The intermediate shaft has been used on all Porsche engines since 1965.
The intermediate shaft drives the camshafts indirectly off of the crankshaft. This allows the speed of the chains to be reduced and thereby extend chain life. This Porsche design has been common to all aircooled six-cylinder Mezger engine until 1998.
The IMS is also found in the water-cooled Turbo, GT2, and GT3. This intermediate shaft in these engines differ from those found in the M96 engine. Plain bearings are pressure fed engine oil for lubrication and typically do not fail.
To cut costs on the M96 engine, only one cylinder head casting was made.
Because of this major change camshafts could not be driven off one end of the IMS. In this engine the cams are driven off both ends of the intermediate shaft. On the rear side of the engine the IMS is lubricated by a traditional bearing with force fed oil. Unfortunately, due to how the crankcase was designed, there are no internal oil passages from which pressurized engine oil can be used to lubricate a plain bearing on the side closest to the flywheel.
The IMS in the M96 as well as the M97 engine is located beneath the crankshaft carrier and is chain driven. The factory IMS has a sealed ball bearing on the flywheel end and a plain bearing on the other end. Unfortunately, it is this ball-bearing that is the most highly stressed in and is also responsible for thrust control.
The most common failure of the M96 engine is in the ball bearing in the IMS. The intermediate shaft found in the M96 and later M97 engine changed 3 times. The initial version used a dual-row ball-bearing used through model year 1999 and in some 2000 and 2001 models. This version was quite reliable. Starting in model year 2000, a single row ball-bearing replaced the dual row version. By model year 2002, all engines used this smaller, weaker bearing. Then, in 2006 the design changed a final time to a much larger single row bearing with the same load capacity of the early dual-row ball-bearings. In 2006 model year, Porsche changed over to a design that is no longer serviceable without removing the engine from the car and completely disassembling it. All of these designs use a sealed ball-bearing rather than allowing for engine oil located in the wet sump to lubricate the bearing with. There is no recommended service interval for these bearings nor provisions for their replacement from the factory. Fortunately with model year 1997 through 2005 engines, the intermediate shaft bearing is serviceable and with preventative maintenance, costly repairs can be prevented. The recommended interval for the Classic Dual Row & Single Row Pro IMS Retrofits is 6yr/75,000mi. The IMS Solution is a permanent fix.
From 1997 to 1999, Porsche use a dual row intermediate shaft bearing which has proven to be as robust as the larger single row used from 2006 through 2008 model years. The weakest IMS Bearing used was from years 2000 to 2005.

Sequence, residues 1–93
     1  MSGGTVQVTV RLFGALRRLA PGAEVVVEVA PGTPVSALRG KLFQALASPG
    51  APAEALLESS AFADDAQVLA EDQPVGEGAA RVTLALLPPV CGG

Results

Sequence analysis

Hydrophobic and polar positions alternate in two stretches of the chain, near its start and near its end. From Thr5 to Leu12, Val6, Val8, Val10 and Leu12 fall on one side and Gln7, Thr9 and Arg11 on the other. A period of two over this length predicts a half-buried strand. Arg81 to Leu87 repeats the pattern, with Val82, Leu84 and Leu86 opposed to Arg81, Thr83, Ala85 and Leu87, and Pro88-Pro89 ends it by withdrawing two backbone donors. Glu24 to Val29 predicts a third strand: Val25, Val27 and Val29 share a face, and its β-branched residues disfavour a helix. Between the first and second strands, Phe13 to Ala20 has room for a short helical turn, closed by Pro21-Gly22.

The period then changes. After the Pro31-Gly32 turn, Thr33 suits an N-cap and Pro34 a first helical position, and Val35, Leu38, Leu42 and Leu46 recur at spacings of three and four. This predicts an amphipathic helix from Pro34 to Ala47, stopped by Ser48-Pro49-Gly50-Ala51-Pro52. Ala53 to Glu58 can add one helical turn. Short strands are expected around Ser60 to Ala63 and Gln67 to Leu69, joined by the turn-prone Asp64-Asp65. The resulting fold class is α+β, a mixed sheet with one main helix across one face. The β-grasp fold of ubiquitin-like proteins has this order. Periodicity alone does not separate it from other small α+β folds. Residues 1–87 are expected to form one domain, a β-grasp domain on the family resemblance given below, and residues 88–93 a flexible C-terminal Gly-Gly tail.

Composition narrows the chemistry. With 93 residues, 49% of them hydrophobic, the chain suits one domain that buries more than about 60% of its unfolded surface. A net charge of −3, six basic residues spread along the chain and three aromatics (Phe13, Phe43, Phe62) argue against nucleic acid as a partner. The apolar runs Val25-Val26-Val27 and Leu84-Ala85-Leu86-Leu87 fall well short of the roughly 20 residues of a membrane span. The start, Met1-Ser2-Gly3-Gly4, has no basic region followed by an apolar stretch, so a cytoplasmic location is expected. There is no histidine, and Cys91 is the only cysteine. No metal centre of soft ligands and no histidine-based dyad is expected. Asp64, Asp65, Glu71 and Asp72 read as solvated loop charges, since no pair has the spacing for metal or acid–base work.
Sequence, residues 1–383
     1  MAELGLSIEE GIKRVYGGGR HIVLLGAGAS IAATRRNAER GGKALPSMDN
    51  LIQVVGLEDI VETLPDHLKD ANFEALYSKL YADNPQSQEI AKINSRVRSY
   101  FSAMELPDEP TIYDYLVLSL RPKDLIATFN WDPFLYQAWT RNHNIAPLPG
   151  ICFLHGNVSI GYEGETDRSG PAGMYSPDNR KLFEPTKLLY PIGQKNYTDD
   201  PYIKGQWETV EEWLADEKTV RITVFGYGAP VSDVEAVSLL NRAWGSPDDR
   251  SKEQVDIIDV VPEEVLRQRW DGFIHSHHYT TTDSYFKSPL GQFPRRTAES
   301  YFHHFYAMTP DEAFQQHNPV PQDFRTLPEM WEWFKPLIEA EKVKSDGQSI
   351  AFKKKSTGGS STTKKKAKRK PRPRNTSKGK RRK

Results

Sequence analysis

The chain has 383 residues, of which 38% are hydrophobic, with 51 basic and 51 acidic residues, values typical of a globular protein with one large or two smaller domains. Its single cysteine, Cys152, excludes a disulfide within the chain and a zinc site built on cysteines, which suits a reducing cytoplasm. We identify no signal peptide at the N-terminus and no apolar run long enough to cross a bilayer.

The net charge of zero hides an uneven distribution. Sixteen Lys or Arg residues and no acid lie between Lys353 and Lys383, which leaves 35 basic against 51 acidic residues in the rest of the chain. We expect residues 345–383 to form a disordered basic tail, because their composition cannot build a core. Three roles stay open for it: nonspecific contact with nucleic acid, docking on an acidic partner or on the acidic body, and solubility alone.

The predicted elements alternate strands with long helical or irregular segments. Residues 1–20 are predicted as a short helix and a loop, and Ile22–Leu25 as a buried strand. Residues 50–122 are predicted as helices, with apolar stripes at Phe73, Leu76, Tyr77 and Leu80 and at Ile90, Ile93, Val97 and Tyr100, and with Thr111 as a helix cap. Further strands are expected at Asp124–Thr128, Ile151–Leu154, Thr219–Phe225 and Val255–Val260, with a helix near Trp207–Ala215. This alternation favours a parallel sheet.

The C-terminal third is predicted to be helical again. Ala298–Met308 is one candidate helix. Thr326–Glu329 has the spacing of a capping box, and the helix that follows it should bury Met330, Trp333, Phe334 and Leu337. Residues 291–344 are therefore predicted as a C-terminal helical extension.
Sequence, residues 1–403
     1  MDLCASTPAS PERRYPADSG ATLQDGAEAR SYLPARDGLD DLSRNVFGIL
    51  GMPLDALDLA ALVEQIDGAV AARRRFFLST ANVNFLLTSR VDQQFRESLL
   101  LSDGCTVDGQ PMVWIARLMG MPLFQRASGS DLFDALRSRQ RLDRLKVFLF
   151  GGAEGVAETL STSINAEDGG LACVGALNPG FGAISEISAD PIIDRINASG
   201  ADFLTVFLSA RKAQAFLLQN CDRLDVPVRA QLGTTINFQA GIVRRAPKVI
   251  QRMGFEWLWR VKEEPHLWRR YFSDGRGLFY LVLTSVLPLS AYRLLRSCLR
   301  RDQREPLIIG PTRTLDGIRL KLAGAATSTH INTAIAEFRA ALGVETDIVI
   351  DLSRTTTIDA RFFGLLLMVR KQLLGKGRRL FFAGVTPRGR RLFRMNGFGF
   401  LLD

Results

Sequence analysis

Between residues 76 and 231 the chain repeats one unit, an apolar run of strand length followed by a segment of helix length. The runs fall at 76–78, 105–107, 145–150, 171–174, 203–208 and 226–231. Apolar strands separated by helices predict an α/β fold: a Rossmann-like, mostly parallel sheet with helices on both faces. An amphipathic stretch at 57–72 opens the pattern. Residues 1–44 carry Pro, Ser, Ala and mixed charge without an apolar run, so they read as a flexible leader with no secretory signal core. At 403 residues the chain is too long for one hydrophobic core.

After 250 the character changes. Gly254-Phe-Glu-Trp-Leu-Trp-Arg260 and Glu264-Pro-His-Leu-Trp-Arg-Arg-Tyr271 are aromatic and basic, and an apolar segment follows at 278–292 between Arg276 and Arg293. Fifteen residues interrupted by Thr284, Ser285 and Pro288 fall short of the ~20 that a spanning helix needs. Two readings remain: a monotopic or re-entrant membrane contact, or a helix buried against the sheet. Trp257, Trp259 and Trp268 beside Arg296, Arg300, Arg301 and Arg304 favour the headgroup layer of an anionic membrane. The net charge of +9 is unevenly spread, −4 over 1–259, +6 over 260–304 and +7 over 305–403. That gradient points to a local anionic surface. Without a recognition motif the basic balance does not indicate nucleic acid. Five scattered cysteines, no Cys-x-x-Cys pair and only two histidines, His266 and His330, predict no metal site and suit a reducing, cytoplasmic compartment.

Starting in 2000, Porsche began phasing out the dual row bearing and went to a smaller single row, with significantly less load capacity. From 2002 through 2005, all engines used this smaller intermediate shaft bearing until they went to the larger, third revision for the 2006 model year. The single row IMS bearing used in 2000 through 2005 model years is reported to have an 8% failure rate, versus less 1than 1% with the dual row IMS bearing. If you have this version we recommend performing the LN Engineering IMS Pro Retrofit.
Once IMS bearing failure occurs, a complete engine rebuild is required to replace the intermediate shaft.
When an IMS failure occurs the intermediate shaft is damaged beyond the point of being serviceable and metal debris from the failure contaminates the entire engine. This requires a complete teardown and rebuild. In worst-case scenarios, the cam timing can also be thrown off, causing valve to piston contact. Aside from the preventative maintenance by replacing the IMS bearing prior to such a failure, prevention and early detection are some of the steps that can be taken to try to minimize the risk of a costly engine failure.
When contemplating replacement, understand that there are several versions used by the factory.
Model years 1997-1999 used a reliable dual row IMS bearing. Model year 2000 and 2001 engines are cross-over years where a dual row or single row IMS bearing could have been used, requiring visual inspection to identify which you have. A good time to do this is when performing a clutch or flywheel service, or to replace a leaking rear main seal.
LN Engineering currently offers a Dual Row IMS Retrofit as well as the Single Row Pro IMS Retrofit, where the engine does not have to be disassembled to replace the factory sealed ball-bearing. Both with a 6 year/75,000 mile service interval. IMS Solution LLC’s oil fed plain bearing arrangement similar in functionality to the intermediate shaft bearing used in the past aircooled models as well as more recent Mezger engine, eliminates the ball-bearing design completely and is a permanent fix. Typically replacement of the IMS bearing takes 10-14 hours (with exception of some Tiptronic 911 models) and is usually serviced at the same time the clutch and dual mass flywheel.
LN Engineering IMS Solution
A popular new development in IMS bearing repairs has been the IMS Solution from LN engineering. This solution is very similar to the Pedro’s Garage DOF (Direct Oil Feed) kit. Installation is a bit easier on the IMS Solution though because the oil source comes from the nearby oil filter housing. The IMS solution is the ideal way to update these vehicles as it provides pressurized constant oil lubrication to the IMS bearing. Of course there are additional parts and additional labor time which makes this installation a bit more expensive than the more common Single Row Pro Kits we typically install.